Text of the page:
Troy Causey Jr. federal lawsuit against DISD and Dallas County Juvenile Department
Post on 23-Dec-2015
DESCRIPTIONTammy Simpson, the mother of slain Dallas basketball standout Troy Causey Jr., has filed a civil rights lawsuit against Dallas ISD and the Dallas County juvenile department alleging improper athletic recruiting led to her son's death one year ago, March 24, 2014.
UNITED STATES DISTRICT COURT NORTHERN DISTRICT OF TEXAS
THE ESTATE OF TROY CAUSEY, JR, BY AND THROUGH HIS MOTHER, TAMMY SIMPSON, INDIVIDUALLY AND ON BEHALF OF HIS HEIRS
MIKE MILES, IN HIS OFFICIAL CAPACITY AS SUPERINTENDENT OF THE DALLAS INDEPENDENT SCHOOL DISTRICT; TERRY S. SMITH IN HER OFFICIAL CAPACITY AS EXECUTIVE DIRECTOR OF THE DALLAS COUNTY JUVENILE DEPARTMENT; TERRY S. SMITH IN HER OFFICIAL CAPACITY AS CHIEF JUVENILE PROBATION OFFICER FOR DALLAS COUNTY;
Civil Action No.
3:15-cv-914 Jury Trial Requested
Plaintiff THE ESTATE OF TROY CAUSEY, JR, BY AND THROUGH
HIS MOTHER, TAMMY SIMPSON, INDIVIDUALLY AND ON BEHALF OF
HIS HEIRS (herein Causey or Plaintiff), by and through undersigned counsel,
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makes this his Complaint against Defendants, MIKE MILES, IN HIS OFFICIAL
CAPACITY AS SUPERINTENDENT OF THE DALLAS INDEPENDENT
SCHOOL DISTRICT; TERRY S. SMITH IN HER OFFICIAL CAPACITY AS
EXECUTIVE DIRECTOR OF THE DALLAS COUNTY JUVENILE
DEPARTMENT; TERRY S. SMITH IN HER OFFICIAL CAPACITY AS CHIEF
JUVENILE PROBATION OFFICER FOR DALLAS COUNTY and allege as
JURISDICTION AND VENUE
1. This Court has jurisdiction over the federal claims of the Plaintiffs in this
action pursuant to 28 U.S.C. 1331, 1343 because the subject matter of
Plaintiffs claims are premised on violations of 42 USC 1983 and 1988.
2. Venue is proper in this Court pursuant to 28 USC 1391(2) as all material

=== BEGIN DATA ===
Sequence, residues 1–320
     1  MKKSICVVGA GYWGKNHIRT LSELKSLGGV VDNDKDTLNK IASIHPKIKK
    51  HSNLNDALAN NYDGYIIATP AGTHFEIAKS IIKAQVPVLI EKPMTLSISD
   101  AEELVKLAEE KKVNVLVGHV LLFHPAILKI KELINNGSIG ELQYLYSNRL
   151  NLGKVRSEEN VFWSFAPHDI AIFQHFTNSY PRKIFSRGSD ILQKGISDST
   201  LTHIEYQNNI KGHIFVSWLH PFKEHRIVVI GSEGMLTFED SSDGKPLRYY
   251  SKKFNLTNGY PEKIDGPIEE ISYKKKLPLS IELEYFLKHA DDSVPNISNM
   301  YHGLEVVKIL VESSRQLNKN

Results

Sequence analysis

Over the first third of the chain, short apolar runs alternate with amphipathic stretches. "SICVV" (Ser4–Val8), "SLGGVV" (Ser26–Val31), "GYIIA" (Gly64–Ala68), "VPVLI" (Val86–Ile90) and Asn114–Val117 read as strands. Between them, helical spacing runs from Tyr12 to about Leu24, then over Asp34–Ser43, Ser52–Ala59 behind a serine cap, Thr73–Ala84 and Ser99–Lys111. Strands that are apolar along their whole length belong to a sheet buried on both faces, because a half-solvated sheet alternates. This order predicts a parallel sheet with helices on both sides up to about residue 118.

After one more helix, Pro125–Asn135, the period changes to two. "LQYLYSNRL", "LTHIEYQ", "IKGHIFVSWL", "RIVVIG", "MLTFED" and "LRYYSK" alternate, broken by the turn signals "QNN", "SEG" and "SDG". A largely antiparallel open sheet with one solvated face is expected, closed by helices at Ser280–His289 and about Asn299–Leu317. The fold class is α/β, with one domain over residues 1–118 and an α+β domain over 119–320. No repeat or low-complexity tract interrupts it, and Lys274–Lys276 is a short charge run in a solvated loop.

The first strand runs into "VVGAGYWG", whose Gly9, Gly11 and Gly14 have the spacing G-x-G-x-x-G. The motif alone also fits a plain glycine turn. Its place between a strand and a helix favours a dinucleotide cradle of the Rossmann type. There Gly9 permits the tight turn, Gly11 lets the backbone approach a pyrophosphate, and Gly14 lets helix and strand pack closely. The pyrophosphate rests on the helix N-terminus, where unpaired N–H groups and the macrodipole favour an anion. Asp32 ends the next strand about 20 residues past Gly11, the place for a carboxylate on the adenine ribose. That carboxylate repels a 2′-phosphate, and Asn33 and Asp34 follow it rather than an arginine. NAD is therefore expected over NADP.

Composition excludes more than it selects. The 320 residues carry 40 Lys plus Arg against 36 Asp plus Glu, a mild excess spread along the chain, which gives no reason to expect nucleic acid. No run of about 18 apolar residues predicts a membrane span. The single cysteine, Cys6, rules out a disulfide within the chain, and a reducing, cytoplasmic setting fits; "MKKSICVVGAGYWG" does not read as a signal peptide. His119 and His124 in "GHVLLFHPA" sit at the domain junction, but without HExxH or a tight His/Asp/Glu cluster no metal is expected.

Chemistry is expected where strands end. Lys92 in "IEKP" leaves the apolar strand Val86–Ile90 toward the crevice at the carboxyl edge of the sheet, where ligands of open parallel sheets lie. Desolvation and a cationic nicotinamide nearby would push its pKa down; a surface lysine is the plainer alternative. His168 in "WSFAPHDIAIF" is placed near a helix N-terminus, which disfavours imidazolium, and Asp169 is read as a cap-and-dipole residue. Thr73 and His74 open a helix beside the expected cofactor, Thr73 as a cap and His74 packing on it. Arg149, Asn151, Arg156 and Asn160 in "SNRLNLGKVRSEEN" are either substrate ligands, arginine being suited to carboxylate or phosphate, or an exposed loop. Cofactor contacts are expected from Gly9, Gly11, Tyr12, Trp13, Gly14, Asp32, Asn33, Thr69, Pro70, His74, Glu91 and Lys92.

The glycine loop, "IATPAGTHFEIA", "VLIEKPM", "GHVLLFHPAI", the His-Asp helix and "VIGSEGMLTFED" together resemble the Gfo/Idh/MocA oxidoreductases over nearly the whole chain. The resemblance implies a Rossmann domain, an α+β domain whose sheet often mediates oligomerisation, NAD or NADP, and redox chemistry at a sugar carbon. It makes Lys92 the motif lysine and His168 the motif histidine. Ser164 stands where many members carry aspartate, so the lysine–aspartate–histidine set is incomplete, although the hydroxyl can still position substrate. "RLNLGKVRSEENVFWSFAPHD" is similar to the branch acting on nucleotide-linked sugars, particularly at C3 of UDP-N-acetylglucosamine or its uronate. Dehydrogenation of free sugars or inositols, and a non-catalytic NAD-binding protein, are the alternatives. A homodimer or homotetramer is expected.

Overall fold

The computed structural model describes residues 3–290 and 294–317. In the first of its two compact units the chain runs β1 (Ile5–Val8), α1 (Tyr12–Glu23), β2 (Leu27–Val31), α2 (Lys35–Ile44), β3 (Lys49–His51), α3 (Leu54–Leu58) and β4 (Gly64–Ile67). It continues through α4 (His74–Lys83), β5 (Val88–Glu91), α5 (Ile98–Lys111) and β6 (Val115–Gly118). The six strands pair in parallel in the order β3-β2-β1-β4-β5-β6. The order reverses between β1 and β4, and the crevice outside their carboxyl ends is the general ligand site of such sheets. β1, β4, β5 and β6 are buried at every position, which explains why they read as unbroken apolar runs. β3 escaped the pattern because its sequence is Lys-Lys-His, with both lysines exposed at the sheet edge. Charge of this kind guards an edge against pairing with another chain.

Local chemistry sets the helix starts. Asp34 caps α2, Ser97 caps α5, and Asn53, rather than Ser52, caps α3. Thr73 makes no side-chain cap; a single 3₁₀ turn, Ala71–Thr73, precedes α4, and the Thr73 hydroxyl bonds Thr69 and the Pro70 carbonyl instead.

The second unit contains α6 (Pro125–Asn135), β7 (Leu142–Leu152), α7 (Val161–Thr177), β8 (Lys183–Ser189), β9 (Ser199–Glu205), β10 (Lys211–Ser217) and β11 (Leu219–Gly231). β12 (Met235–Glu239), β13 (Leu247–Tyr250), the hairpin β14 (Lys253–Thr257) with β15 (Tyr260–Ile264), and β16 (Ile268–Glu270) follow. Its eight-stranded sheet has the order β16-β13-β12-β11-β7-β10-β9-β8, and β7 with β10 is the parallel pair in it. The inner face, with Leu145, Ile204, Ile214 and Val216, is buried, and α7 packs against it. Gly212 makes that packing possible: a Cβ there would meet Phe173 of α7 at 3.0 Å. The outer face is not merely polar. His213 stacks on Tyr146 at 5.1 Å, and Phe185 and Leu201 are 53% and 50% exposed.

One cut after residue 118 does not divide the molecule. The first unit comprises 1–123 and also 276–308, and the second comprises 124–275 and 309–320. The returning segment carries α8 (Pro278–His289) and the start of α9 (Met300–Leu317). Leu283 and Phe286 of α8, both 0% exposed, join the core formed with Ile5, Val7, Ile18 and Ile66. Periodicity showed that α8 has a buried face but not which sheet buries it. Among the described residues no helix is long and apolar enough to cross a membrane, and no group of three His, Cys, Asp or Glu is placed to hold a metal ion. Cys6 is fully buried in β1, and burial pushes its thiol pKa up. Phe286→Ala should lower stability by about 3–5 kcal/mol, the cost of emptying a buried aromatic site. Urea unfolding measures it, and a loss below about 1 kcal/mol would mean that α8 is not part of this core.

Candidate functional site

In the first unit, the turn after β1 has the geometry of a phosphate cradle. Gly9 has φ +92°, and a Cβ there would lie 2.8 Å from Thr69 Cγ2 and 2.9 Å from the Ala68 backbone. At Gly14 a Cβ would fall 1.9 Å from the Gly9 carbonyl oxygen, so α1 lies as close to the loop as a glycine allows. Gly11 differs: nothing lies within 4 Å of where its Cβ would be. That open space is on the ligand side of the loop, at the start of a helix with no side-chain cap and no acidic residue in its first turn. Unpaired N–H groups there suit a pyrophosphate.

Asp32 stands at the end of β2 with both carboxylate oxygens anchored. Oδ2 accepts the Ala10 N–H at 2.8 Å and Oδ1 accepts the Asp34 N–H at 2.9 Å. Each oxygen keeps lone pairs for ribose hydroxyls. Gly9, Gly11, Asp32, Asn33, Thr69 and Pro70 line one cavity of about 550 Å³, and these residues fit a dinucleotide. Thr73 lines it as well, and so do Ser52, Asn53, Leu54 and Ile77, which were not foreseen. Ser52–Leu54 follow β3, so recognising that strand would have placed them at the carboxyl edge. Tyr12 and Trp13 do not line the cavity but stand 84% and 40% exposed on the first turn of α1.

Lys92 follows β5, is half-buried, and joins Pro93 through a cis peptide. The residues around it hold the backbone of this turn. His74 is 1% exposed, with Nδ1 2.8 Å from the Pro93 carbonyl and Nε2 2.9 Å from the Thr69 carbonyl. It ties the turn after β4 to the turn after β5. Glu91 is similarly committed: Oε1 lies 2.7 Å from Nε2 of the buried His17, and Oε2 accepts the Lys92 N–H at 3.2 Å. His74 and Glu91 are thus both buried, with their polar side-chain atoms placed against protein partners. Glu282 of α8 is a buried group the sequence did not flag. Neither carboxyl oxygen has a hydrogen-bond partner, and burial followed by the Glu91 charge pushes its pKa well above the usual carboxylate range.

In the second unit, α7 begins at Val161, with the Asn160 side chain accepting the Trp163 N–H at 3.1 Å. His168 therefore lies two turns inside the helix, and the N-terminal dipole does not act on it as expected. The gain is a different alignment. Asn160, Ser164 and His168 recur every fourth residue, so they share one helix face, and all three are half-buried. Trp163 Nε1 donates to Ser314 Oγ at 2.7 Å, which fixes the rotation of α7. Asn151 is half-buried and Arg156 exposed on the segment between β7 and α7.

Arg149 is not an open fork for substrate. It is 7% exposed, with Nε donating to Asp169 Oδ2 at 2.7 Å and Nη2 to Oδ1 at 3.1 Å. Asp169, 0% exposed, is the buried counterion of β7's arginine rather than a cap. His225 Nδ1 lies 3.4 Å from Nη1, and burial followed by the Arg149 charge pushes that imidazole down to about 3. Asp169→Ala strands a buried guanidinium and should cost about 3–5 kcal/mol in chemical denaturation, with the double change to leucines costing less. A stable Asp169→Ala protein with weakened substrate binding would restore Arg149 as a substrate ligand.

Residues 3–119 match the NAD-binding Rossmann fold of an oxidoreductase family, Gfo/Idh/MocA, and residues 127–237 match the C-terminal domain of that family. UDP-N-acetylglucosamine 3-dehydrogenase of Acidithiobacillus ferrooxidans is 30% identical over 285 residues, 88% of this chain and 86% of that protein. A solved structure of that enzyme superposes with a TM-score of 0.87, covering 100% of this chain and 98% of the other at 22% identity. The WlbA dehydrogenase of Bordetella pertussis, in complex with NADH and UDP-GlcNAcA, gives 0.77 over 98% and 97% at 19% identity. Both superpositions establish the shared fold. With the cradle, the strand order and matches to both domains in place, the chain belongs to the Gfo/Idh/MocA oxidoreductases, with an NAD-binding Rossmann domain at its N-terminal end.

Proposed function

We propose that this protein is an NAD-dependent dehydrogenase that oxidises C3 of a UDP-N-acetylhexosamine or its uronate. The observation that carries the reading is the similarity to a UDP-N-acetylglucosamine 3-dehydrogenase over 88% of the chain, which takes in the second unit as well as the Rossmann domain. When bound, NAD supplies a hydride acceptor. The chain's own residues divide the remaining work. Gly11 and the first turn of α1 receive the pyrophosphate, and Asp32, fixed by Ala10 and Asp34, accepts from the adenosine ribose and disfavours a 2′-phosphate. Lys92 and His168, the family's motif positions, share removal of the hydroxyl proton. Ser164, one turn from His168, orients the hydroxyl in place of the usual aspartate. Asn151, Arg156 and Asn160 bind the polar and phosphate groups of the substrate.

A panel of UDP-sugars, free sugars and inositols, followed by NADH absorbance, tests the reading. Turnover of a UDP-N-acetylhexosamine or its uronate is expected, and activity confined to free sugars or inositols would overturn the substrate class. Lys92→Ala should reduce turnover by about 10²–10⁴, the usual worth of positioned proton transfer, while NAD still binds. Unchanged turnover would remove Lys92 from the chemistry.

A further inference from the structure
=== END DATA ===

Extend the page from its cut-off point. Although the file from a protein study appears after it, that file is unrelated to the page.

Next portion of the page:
facts out of which this suit arises occurred within the Northern District of
Texas, Dallas Division.
3. Causey, when alive, was a citizen of the State of Texas and was at all
pertinent times within the confines of the Dallas County Juvenile
Department and a resident of Dallas County Youth Village and/or a student
in the Dallas Independent School District.
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4. His mother and natural heir is Tammy Simpson. She too is a citizen of the
State of Texas and brings this Compliant individually and as heir and
representative of the Estate of Troy Causey, Jr.
5. Defendant Mike Miles is sued in his official capacity as Superintendent of
the Dallas Independent School District (DISD or the District) which at
all times was responsible for the implementation of relevant federal and state
law, UIL rules, the care, management and control of all public school
business within its jurisdiction as to students like Causey, the training of
staff and coaches, the enforcement of policies and procedures and to both
train and supervise staff to prevent harm to students and illegal recruiting
practices of student athletes.
6. Defendant Terry S. Smith is sued in her official capacity as Executive
Director of the Dallas County Juvenile Department which at all times was
responsible to the implementation and enforcement of all public business
within its jurisdiction as to juvenile residents of its facilities like Causey, the
training of staff, the enforcement of policies and procedures and to both
train and supervise staff to prevent harm to residents and participants in the
juvenile probation program and to prevent the illegal contact of residents for
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any purposes including but not limited to sports recruiting from among its
probationers by personnel of DISD.